By Colleen Matulaitis, RN, MSN, FNP-BC, Care Manager
Most of us know that the winter of 2023-2024 has been a challenge with the number of respiratory viruses affecting our population. COVID-19, the Flu, and RSV (Respiratory Syncytial Virus) are the three main viruses of concern. Individually, these can be challenging for compromised individuals, but in combination, it makes for severe illness.
Knowing what is causing your symptoms is essential, so getting a proper diagnosis is very important. Many primary care offices and Urgent Care Centers can test for these viruses. In healthy individuals with mild cold symptoms, the most important thing to do is isolate and wear an N95 mask in public. You can use over-the-counter (OTC) medications with mild cold symptoms as needed. These medications help reduce fever, ease muscle aches, suppress cough and congestion, and boost the immune system. Always check with your doctor if you are taking prescription medication to avoid drug interactions. People with high blood pressure or heart disease need to avoid certain OTC medications. When in doubt, ask your doctor or pharmacist.
The CDC guidelines for COVID-19 can be found on their website: https://www.cdc.gov/coronavirus/2019-ncov/your-health/isolation.html. These guidelines can be used for all three viruses and are generally good practice. If you are sick, i.e., running a fever, coughing, sneezing, sore throat, runny nose, etc., stay home and monitor your symptoms. If you are at high risk due to other medical conditions, extremely young or elderly, call your doctor for advice. It is best to wait 24 to 48 hours before doing a home Covid test since there is a large false negative result if you test too soon. If a close contact or person in your household is positive and you have similar symptoms, assume you are positive regardless of a negative test.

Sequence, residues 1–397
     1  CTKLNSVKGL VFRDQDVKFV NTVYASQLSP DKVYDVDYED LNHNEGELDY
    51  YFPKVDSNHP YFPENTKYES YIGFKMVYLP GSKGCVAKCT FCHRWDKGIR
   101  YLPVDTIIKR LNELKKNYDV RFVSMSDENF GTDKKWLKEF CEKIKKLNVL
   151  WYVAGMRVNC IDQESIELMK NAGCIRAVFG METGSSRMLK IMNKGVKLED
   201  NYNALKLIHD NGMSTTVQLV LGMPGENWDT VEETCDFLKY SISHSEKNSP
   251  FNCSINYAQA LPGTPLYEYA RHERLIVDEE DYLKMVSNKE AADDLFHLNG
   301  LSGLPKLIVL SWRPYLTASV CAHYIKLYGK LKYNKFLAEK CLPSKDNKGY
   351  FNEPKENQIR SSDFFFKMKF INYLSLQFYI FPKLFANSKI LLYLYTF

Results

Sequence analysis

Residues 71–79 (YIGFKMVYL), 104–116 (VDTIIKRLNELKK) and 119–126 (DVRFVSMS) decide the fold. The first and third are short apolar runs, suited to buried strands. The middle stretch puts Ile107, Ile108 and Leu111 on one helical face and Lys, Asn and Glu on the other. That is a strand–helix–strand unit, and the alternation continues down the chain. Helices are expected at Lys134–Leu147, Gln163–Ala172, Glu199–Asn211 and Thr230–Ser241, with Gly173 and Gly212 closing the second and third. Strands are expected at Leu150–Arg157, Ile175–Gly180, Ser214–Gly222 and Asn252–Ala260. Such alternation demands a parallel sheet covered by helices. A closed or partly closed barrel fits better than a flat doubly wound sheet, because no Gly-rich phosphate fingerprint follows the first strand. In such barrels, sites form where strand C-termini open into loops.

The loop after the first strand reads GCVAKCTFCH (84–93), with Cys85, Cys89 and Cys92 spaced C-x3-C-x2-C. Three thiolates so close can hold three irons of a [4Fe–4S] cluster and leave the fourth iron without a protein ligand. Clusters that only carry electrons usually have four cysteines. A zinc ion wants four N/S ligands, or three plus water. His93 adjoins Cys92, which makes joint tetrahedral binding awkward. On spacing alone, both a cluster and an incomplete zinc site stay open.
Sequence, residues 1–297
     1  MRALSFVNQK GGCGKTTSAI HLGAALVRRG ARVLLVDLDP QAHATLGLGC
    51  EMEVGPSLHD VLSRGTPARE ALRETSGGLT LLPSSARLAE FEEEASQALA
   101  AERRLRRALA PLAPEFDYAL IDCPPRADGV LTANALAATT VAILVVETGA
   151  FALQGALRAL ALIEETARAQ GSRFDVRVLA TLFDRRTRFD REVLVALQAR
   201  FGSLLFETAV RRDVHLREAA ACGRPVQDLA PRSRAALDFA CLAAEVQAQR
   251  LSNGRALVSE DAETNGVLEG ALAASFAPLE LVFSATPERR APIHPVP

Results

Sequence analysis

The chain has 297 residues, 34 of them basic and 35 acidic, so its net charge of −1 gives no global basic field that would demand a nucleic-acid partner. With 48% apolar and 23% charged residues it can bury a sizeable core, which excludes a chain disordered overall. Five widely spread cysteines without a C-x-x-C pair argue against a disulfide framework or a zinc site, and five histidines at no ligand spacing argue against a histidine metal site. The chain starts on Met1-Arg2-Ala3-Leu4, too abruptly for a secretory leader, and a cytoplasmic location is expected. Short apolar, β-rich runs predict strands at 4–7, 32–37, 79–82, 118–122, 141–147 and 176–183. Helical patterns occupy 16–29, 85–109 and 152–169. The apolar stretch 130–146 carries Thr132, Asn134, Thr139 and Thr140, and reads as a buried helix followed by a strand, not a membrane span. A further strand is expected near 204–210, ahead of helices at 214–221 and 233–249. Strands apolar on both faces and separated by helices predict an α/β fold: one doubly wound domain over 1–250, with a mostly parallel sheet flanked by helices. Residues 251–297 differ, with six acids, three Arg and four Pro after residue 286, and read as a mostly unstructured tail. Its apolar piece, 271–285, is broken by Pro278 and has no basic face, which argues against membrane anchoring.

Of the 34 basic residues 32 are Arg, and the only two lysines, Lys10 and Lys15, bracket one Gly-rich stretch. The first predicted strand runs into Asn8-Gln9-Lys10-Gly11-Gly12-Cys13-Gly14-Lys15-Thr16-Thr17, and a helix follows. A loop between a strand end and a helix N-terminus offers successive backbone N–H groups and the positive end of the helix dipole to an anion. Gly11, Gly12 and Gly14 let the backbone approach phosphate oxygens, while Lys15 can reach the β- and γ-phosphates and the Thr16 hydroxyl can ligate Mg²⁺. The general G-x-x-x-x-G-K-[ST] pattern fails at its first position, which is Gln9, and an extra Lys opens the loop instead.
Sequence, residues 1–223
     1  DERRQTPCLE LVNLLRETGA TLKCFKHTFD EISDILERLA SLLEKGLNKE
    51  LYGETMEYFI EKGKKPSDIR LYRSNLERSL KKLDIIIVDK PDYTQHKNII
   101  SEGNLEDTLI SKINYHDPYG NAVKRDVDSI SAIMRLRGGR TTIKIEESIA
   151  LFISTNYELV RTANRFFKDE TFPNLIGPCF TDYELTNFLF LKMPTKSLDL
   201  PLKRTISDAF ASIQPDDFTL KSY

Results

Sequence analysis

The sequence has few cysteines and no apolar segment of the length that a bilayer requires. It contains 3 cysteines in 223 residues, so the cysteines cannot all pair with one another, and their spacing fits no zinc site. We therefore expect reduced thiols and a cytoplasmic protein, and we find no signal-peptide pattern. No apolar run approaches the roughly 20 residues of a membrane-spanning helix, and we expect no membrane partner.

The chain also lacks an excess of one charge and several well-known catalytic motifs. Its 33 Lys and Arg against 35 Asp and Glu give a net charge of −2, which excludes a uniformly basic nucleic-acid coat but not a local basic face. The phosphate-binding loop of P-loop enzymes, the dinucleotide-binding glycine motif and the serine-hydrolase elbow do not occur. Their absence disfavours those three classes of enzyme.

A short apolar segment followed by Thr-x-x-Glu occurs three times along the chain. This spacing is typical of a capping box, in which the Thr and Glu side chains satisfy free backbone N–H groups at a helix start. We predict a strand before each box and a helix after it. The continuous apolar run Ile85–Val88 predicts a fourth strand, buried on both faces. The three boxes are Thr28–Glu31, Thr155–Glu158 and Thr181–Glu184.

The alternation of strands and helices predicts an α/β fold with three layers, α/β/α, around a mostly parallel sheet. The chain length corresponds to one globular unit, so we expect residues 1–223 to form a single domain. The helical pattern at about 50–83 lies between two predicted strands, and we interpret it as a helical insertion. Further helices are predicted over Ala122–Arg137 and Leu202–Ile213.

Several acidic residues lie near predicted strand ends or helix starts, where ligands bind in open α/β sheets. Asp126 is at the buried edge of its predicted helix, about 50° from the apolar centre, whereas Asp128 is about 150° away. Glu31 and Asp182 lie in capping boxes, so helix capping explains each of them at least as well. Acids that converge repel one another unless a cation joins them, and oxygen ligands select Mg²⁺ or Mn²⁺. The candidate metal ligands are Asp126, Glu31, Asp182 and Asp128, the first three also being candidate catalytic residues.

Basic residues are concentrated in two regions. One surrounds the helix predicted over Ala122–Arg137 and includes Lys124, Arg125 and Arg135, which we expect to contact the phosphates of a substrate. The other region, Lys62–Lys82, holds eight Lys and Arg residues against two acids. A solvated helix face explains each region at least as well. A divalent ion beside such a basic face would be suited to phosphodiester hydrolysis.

For high-risk individuals, like people with diabetes, chronic respiratory diseases, heart disease, and compromised immune systems, there are antiviral medications that can be prescribed for COVID-19 and the Flu. Some treatments and medications are available to treat more severe cases of RSV. Please remember that these medications are not without risks/side effects. It is always best to consult a healthcare provider who can consider your health concerns when prescribing treatments, someone who knows your current health and health history. Most of these vaccines are well tolerated, but there are side effects, and you should make an informed decision.
The most important takeaway for any illness is to use common sense. If you are sick, especially running a fever (101.4 or greater), stay home and monitor your symptoms. Avoid contact with others, wash your hands frequently, and cover your nose and mouth when you sneeze or cough. Get plenty of rest and stay hydrated.
If you are diagnosed with COVID-19 and have mild symptoms that improve quickly, you may return to normal activities after five days. It is recommended that you wear a mask for another five days. If your symptoms are more severe and last longer than a few days, contact your doctor or urgent care for a proper diagnosis. For more severe symptoms, isolate for 10 to 14 days or longer if symptoms are not improving.
Please check out the CDC’s website for more in-depth instructions on the above viruses and use good common sense. Stay well.